On the whole, I felt like it was a solid, respectable effort, and a worthwhile addition to the "found footage" genre. Not as good as, say, 'Cloverfield', but easily ahead of 'The Blair Witch Project'.

Tuesday, January 24, 2012

Strategies In America's Newest Covert War

Last night during the GOP debates, Newt Gingrich (now the presumptive front-runner for the Republican Presidential nomination) suggested that it was time to declare a "covert war" on Fidel Castro. Some might say that this was blatant pandering to the heavily anti-Castro Cuban-American populace in Florida by attacking an 85-year old man who no longer holds any political office in his home country, but I take Newt at his word. He has the strategic vision to declare a covert war on live television after all; what more can you want from the next President? (Presumably, he took notes from John McCain's "secret plan" to take out bin Laden.) As I believe in Newt's goal of covert war on Fidel, let me suggest a few strategies.

1) We begin with a propaganda battle. Plant newspaper articles suggesting that young people wear their pants all baggy and listen to the rap music, and that women wear scandalously short skirts. These will angry up Castro's blood, causing him to have to avoid the news on his doctor's orders.

2) Cut vital lines of communication. If Castro's children and grandchildren are unable to contact him, he will grow despondent. This is especially devastating as a line of attack as they already don't visit enough, and goodness knows they never write him. They might insist that they email him, but Castro has already explained to them multiple times that he doesn't know how to work that new-fangled computer they gave him for Christmas. The resultant argument will drive a wedge between Castro and his closest supporters.

3) Hire neighborhood children to play on Castro's lawn at all hours of the day and night. The resultant stress, and the dangerous levels of physical exertion needed to repeatedly charge out of his house and yell at them, will keep him exhausted and further deteriorate his health.

4) Jumble up his pills. This will force him to spend valuable time and energy re-sorting them into the little boxes labeled M-T-W-T-F-S-S, assuming he can actually get the dosages right (his eyesight isn't what it was, you know.) This will only worsen his physical condition, softening him up for the final blow...

5) Hide his dentures. With this masterstroke completed, Castro will only be able to eat mushy foods. Not only will this further his loss of physical health, it will also keep him from being able to even smile at the people of Cuba. Surely this crushing blow will finish off the evil dictator!

...and if it doesn't, they'll at least put him in a home.

Wednesday, January 18, 2012

The Trouble With Romney that he's dead. No, wait. That was 'The Trouble With Harry', a classic black comedy directed by Alfred Hitchcock. Romney isn't dead; his trouble is that he just acts like it.

Seriously, how does a party as smart about winning elections as the Republicans have been over the last three decades wind up with this guy? The Republican party has been a classic case of picking style over substance, choosing likeable candidates that you'd "want to have a beer with" who easily beat smarter, better prepared wonks. George W. Bush was an absolutely terrible President, but he won against two people who were better on paper because he noticed that they were short on charisma, didn't have great social skills, and used attack ads to reduce them to caricatures of themselves (the self-aggrandizing stiff, the flip-flopper.)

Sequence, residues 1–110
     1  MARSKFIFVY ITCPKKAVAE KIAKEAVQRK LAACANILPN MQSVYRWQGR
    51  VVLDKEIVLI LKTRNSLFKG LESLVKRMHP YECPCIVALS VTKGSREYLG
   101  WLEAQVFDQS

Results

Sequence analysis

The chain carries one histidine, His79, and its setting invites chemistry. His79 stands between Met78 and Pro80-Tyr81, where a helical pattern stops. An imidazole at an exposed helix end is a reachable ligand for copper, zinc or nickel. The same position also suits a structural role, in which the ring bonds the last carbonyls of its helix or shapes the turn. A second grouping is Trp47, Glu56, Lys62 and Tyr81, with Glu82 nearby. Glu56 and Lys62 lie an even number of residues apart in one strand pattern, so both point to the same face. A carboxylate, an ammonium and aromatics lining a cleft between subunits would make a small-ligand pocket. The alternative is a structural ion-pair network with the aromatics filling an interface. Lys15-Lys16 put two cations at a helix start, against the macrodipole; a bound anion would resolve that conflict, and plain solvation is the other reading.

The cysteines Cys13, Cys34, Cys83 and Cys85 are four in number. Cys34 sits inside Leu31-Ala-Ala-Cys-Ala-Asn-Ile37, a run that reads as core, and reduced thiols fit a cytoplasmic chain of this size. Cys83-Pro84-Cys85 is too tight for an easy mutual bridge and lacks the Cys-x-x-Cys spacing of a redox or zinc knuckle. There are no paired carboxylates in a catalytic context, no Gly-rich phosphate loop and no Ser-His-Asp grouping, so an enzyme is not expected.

And they now have Romney? For Pete's sake, Romney is what you'd get if the Republican caricatures of Gore and Kerry had a kid together! Not only does he have Gore's utter lack of personal magnetism, but he has Kerry's inability to stick to a position...all combined, of course, with an utter tone-deafness to the rising anger against America's wealthy Wall Street bankers, in a year where that's going to matter. (The article today, that he's only paying 15% in income taxes, isn't what's going to hurt him. The fact that he said he made "not much money" in speaking fees, when in fact he made more than my house is worth, is what's going to kill him.)

Of course, I know why the Republicans are going to get stuck with Romney. It's elementary game theory. Of the four candidates remaining who aren't Romney, all of them know that if the others drop out, they'll attract the support of the losers and beat Romney. (With the exception of Ron Paul, who is never going to attract much support but who isn't in it to win an election so much as for the soapbox.) But for that reason, none of them wants to drop out, because they all are hoping for someone else to drop out and give them the victory. And with four candidates splitting the non-Romney vote, Romney wins.

But do they really want Romney? It doesn't appear so, and you'll see that play out in the general election. It's hard to run when even your own party doesn't like you, and I suspect Romney's going to find out that they're not alone. It's pretty easy for your opponent to turn you into an unflattering caricature when you start out 99% of the way there.

Wednesday, January 11, 2012

Strange Things I Find Myself Saying

I'm writing this blog on my lunch break at work, due to a catastrophic virus that has reduced my laptop to a paperweight until such time as I break down and reinstall the OS, and I find myself surprised at some of the conversations that go on. It's not a particularly exciting job, but somehow the discussions get actively strange. I'm not quite sure where it happens, either. One second I'm half-listening to a conversation on the merits of string cheese versus cottage cheese, the next I find myself speculating on whether or not cheese is actually a religion in Wisconsin, and if it is what the denominations might be.

I figure there's definitely Orthodox Cheddar, but is there a Reformed Mozarella? Perhaps a Seventh Day Gouda, established by a prophet who believed that the Armagorgonzolageddon was nigh at hand.

And what of the other faiths? Are yogurts considered to be pagan in the dairy world? Or do the nature-lovers worship milk, the original source of all other faiths?